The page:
Abstract Introduction. Prehospital personnel frequently encounter agitated, combative, and intoxicated patients in the field. In recent years, ketamine has been described as an effective sedative agent to treat such patients; however, a paucity of research exists describing the use of prehospital ketamine. The objective of this study was to provide a descriptive analysis of the Columbus Division of Fire's experience with utilizing ketamine in the prehospital setting. We hypothesized that ketamine administration improves patient condition, is effective at sedating patients, and does not result in endotracheal intubation in the prehospital setting or in the emergency department (ED). Methods. We conducted a retrospective cohort chart review of Columbus Division of Fire patient care reports and hospital records from destination hospitals in the central Ohio region between October 2010 and October 2012. All patients receiving ketamine administered by Columbus Division of Fire personnel for sedation were included. Patients 17 years and younger were excluded. The primary outcome was the percentage of patients noted to have an "improved" condition recorded in the data field of the patient care report. The secondary outcomes were the effectiveness of sedation and the performance of endotracheal intubation. Results. A total of 36 patients met inclusion criteria over the study period. Data were available on 35 patients for analysis. The mean IV dose of ketamine was 138 mg (SD = 59.5, 100-200). The mean IM dose of ketamine was 324 mg (SD = 120, 100-500). Prehospital records noted an improvement in patient condition after ketamine administration in 32 cases (91%, 95% CI 77-98%). Six patients required sedation post-ketamine administration either by EMS (2) or in the ED (4) (17%, 95% CI 6.5-34%). Endotracheal intubation was performed in eight (23%, 95% CI 10-40%) patients post-ketamine administration. Conclusion. We found that in a cohort of patients administered ketamine, paramedics reported a subjective improvement in patient condition. Endotracheal intubation was performed in 8 patients.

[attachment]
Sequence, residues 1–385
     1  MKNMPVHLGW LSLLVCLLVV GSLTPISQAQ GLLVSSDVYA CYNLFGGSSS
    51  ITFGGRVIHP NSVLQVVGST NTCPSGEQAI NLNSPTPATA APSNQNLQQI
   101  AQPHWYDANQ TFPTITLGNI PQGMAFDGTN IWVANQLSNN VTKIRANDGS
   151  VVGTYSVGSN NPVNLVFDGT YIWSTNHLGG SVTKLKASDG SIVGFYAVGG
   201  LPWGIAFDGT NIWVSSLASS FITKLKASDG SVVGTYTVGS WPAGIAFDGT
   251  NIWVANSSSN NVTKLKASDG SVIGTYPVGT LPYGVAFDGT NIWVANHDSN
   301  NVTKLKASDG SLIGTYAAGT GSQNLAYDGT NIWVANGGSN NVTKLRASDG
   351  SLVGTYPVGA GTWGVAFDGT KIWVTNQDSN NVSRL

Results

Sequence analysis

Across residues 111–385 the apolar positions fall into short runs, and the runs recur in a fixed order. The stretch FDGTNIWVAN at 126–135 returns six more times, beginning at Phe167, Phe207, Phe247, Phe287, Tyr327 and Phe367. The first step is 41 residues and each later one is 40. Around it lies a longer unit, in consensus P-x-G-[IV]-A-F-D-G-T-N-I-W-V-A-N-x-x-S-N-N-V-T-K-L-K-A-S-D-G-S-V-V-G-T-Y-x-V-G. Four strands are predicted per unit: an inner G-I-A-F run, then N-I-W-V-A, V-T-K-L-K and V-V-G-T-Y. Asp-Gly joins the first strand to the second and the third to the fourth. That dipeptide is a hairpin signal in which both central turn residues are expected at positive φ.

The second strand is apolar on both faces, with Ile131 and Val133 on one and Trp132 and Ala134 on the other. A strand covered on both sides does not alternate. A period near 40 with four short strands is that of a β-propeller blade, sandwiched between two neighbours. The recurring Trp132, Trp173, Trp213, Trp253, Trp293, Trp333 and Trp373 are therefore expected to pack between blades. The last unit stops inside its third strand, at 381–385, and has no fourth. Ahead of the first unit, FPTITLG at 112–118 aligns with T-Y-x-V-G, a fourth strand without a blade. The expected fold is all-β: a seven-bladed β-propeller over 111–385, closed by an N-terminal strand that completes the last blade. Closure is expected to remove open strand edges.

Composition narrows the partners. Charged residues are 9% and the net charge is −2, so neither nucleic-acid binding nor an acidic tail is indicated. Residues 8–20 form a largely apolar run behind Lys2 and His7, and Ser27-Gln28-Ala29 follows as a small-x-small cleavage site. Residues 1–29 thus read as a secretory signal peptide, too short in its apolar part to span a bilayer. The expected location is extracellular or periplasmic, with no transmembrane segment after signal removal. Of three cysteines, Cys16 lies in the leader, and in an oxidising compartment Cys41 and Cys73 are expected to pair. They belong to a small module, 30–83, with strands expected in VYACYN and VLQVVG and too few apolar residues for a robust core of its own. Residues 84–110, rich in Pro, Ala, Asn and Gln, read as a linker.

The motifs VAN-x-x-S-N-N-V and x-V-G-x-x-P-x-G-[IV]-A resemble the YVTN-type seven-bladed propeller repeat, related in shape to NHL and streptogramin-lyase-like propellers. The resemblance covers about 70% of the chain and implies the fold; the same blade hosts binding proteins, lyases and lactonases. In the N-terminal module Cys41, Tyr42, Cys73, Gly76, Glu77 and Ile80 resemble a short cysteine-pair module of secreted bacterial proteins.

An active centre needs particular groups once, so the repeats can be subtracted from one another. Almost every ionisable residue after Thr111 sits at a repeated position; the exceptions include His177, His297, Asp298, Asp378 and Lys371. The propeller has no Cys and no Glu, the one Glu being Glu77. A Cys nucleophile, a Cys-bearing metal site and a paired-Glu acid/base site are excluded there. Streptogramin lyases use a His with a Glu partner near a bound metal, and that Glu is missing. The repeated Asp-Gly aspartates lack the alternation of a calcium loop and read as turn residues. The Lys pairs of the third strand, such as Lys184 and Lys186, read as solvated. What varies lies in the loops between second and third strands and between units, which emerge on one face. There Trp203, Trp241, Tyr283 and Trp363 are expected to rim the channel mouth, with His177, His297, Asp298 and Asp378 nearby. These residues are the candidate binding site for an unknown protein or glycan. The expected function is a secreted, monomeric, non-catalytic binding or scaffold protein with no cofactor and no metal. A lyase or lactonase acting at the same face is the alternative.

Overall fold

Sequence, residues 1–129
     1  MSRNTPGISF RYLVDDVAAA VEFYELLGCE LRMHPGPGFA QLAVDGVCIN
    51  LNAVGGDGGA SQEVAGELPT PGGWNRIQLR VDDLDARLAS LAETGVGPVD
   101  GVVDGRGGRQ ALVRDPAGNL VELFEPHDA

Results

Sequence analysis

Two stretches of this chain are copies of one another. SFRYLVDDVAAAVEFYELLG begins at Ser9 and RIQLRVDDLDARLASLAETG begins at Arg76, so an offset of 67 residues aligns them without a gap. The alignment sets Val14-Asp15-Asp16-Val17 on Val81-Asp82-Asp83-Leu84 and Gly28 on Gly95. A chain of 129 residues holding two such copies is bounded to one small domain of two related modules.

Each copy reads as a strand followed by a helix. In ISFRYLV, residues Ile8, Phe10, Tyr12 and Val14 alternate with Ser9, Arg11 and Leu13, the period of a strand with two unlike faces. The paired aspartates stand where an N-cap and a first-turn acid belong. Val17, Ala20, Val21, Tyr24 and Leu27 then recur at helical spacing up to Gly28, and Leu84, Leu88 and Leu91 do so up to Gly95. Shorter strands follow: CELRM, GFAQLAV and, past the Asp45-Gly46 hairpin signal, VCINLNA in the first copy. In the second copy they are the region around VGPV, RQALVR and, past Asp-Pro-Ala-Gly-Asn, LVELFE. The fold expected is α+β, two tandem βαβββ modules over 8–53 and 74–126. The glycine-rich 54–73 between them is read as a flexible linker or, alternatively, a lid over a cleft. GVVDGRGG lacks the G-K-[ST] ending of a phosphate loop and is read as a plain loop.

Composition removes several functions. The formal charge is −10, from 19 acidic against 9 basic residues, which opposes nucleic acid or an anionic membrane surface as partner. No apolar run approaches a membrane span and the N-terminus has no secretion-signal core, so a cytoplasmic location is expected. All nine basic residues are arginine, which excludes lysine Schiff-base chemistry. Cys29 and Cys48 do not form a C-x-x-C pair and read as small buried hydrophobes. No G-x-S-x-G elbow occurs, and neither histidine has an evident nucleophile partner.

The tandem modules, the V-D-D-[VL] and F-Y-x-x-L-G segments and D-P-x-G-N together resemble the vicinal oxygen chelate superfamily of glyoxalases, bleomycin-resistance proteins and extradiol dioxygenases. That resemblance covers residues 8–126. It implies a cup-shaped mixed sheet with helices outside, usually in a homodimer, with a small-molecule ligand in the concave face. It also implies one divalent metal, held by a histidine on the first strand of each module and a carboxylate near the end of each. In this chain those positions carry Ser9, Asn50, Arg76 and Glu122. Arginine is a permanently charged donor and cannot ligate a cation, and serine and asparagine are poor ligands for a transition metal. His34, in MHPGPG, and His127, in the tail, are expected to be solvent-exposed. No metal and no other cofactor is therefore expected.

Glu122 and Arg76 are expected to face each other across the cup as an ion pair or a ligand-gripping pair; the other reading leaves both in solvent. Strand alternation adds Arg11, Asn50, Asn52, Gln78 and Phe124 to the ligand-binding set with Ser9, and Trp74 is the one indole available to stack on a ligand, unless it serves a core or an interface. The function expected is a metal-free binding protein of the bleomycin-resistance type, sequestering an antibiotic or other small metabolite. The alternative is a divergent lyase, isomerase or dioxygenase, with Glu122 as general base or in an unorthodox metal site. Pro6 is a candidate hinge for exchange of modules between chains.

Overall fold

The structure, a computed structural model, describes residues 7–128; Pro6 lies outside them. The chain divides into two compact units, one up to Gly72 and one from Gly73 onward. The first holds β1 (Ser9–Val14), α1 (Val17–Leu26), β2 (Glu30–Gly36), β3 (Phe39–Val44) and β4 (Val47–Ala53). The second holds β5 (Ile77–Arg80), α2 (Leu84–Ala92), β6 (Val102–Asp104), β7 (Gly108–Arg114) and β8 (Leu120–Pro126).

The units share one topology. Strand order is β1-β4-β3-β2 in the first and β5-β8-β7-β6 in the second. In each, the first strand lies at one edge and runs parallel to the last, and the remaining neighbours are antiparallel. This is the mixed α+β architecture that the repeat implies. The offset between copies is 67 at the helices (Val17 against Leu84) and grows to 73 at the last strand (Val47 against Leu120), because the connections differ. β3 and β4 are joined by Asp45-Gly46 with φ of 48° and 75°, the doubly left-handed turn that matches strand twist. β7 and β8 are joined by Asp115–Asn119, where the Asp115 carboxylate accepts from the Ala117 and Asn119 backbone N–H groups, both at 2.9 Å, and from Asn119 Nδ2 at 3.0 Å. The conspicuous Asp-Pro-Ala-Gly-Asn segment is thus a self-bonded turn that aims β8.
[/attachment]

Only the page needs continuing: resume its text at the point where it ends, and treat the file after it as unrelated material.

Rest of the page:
Keywords: agitation; ketamine; prehospital.